Procurement of rice and paddy will begin two days ahead of time, the government said today in a signal to agitated farmers, who, backed by the Congress, are holding a countrywide protest against the new farm laws. The usual date of procurement of monsoon crops is October 1 across the country. A note from the government said, "This would ensure that farmers are facilitated in selling their produce at Minimum Support Price (MSP) expeditiously".
The move is in line with the government's efforts to reassure farmers, who have escalated their dissent against the farm laws that were enacted yesterday.
Earlier, the government had advanced the procurement dates in Punjab and Haryana -- the two states where the farmers' agitation is most intense -- by five days.
The Minimum Support Prices, too, were announced a month earlier this year amid farmers' concerns that it will be scrapped once the new laws come into effect. The prices were hiked, especially for wheat, lentils and mustard -- the big crops in Punjab and Haryana.
Most farmers' organisations, however, viewed that move with deep distrust.
Gurnam Singh, a leader of farmer's organization "Bharatiya Kisan Union", had called the move a "conspiracy" by the Centre to end the farmers' agitation. Most organisations also said the hike was too little to make a difference.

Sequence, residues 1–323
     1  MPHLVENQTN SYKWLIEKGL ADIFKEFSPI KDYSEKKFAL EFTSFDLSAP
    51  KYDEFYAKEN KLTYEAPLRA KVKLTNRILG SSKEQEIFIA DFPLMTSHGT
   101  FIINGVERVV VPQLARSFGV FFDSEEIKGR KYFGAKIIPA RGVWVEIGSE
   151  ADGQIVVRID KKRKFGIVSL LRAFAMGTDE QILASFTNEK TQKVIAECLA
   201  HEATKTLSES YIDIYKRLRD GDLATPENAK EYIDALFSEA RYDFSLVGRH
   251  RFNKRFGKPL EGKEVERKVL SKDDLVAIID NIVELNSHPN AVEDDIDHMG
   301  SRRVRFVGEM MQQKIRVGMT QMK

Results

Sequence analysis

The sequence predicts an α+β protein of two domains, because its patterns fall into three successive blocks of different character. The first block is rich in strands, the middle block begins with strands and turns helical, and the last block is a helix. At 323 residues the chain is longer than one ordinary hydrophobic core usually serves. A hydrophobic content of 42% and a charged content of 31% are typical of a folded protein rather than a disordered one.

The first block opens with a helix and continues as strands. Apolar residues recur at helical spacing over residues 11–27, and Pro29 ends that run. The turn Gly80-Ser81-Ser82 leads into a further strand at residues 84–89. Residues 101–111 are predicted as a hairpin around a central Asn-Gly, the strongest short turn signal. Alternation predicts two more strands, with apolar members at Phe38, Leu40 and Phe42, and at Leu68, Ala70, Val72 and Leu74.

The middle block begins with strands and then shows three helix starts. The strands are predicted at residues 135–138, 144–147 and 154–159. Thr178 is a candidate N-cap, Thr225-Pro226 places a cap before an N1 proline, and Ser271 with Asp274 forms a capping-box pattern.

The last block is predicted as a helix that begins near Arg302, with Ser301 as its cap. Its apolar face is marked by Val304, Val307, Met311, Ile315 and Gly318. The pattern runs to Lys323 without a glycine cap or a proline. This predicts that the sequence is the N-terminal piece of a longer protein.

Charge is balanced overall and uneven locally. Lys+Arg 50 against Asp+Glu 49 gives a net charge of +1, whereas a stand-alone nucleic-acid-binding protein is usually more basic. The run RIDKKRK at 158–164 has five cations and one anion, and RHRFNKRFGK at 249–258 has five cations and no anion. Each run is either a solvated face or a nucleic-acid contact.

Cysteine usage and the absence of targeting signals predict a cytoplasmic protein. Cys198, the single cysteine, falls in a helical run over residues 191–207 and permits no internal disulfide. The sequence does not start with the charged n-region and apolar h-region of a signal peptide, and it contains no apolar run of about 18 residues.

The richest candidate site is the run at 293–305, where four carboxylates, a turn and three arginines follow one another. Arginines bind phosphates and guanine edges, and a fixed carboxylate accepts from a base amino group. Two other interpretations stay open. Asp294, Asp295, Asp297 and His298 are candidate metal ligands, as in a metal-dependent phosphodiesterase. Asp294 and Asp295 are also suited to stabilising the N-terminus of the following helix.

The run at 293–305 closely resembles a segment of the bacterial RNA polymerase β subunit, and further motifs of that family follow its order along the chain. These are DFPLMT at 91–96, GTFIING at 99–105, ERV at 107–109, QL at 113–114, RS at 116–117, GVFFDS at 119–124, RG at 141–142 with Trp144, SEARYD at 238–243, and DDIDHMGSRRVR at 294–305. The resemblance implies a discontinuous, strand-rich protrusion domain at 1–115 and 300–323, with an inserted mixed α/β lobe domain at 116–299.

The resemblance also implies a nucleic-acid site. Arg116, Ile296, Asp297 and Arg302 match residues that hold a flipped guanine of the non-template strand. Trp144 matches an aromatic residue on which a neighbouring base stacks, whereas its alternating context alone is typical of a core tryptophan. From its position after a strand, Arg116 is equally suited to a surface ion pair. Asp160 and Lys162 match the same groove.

The new laws, signed by President Ram Nath Kovind on Sunday, will help farmers increase their income and free them from the interference of middlemen, the government has said. Bypassing wholesale markers, the new laws enable farmers to deal directly with big corporations for the sale of produce and even allow pre-harvest contracts.
Farmers, however, are apprehensive about dealing directly with corporates. They fear that they will not be paid even the Minimum Support Price fixed by the government and be exploited. Calling the new system "anti-farmer", they have demanded that the laws be repealed.
The Congress, which has been backing the farmers' protest, today spoke of over-ruling the Centre's laws in the states it rules. Party chief Sonia Gandhi asked Congress-ruled states to consider bringing laws to that effect.
"Hon'ble Congress President has advised the Congress-ruled states to explore the possibilities to pass laws in their states under Article 254(2) of the constitution which allows the state legislatures to pass a law to negate the anti-agriculture central laws encroaching upon state's jurisdiction under the constitution," the Congress said in a statement.